The fight is on between the three internet search titans, after Yahoo’s Terry Semel laid down the gauntlet to Microsoft saying the software giant’s recently elevated ambitions in the search arena were a lost cause.
“My impartial advice to Microsoft is that you have no chance. The search business has been formed,” he said in an interview with the New Yorker’s Ken Auletta (Watch video footage here and read Jeff Jarvis’ immediate blog reaction here).
“Very cool” said one blogger, adding “Microsoft just does not seem to be getting much love these days”.
“That crashing sound you hear, is a chair being thrown across an office in Redmond,” said another.
And if Bill Gates and co were smarting at that taunt, the hurt must have been exacerbated by the fact that Microsoft been hoping to get Mr Semel’s company onside in its greater fight to win market share from Google, the dominant force in the lucrative sponsored search market.
Mr Semel, who spoke about his own regrets at not buying Google, flatly denied there had been any talks about Microsoft buying Yahoo and said he had rebuffed an offer to buy a stake in the search business.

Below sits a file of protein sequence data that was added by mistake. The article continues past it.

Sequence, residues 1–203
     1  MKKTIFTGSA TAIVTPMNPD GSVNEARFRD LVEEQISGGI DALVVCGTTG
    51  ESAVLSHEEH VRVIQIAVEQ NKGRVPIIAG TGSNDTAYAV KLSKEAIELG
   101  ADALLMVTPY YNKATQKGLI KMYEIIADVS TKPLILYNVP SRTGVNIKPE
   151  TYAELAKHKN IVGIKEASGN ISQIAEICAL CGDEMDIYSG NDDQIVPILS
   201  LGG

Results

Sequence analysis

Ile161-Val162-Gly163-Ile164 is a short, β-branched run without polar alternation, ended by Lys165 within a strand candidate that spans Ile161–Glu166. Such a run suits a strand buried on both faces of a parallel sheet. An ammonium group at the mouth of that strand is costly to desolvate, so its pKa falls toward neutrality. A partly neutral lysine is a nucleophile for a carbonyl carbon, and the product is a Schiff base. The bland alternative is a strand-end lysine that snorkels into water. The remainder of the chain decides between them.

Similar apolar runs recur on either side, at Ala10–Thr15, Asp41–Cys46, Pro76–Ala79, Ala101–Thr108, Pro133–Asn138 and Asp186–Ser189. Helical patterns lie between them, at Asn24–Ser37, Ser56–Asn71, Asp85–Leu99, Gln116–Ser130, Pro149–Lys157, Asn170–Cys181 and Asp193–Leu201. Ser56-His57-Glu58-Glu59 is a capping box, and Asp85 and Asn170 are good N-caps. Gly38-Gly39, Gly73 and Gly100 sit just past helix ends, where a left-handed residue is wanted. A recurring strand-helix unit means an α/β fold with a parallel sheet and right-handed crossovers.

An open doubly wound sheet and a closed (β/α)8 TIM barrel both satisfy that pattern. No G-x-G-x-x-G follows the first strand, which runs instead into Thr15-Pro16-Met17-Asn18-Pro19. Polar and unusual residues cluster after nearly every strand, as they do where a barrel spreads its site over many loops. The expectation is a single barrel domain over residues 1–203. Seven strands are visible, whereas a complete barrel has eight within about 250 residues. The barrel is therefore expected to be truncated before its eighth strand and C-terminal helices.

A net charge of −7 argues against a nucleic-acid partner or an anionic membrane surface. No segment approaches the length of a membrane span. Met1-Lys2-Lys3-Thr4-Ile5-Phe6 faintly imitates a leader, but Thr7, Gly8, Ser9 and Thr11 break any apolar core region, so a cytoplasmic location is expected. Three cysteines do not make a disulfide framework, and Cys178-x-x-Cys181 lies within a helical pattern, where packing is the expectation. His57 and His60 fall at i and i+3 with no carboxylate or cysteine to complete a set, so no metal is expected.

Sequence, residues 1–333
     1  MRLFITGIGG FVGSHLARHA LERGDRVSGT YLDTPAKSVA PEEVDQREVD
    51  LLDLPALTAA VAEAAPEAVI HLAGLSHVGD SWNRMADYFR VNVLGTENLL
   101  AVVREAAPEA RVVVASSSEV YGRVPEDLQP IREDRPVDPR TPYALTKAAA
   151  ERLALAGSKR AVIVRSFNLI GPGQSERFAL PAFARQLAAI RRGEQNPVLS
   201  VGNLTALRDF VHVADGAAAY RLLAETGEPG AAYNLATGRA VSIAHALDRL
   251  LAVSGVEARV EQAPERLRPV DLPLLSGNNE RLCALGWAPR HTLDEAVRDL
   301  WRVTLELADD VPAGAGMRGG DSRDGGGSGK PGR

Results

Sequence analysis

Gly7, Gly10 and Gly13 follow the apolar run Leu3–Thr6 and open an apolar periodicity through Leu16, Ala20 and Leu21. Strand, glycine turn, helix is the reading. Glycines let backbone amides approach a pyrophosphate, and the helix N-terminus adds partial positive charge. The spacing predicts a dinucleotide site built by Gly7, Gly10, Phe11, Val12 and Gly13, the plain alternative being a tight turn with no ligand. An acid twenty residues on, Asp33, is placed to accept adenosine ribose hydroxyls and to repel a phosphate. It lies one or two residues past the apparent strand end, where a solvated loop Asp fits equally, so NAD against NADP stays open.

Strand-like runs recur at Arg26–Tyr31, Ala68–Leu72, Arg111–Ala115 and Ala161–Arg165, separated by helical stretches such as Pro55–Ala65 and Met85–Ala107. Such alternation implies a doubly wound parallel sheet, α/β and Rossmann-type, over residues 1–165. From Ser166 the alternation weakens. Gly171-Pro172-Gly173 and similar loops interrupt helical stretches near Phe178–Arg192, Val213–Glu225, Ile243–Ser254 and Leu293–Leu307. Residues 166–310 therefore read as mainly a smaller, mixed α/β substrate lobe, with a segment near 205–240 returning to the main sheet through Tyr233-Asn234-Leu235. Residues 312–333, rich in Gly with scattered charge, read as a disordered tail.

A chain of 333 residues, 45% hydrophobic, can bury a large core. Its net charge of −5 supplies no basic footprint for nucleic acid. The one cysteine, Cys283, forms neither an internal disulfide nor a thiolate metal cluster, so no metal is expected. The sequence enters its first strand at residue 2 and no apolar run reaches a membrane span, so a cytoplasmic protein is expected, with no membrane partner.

“I will not sell a piece of search - it is like selling your right arm while keeping your left; it does not make any sense.”
Last week Microsoft raised its ambitions in the internet search arena when it announced it all advertising on MSN in the US, France and Singapore would be powered by its own AdCenter system, thus dispensing with ads generated by Yahoo.
But Microsoft had been hoping that its partnership with Yahoo might lead to something altogether more meaningful. It will be interesting to see how the spurned suitor reacts.
Google gets seriously systematic
Meanwhile, Google denied it was responding to Microsoft’s challenge when it said it would divert more resources into developing search technology.
In another sign that Google is growing up, the technology group formerly known as fun said it had also introduced a more “systematic” approach to management and announced a string of search-related products to prove “yes, we are still all about search”.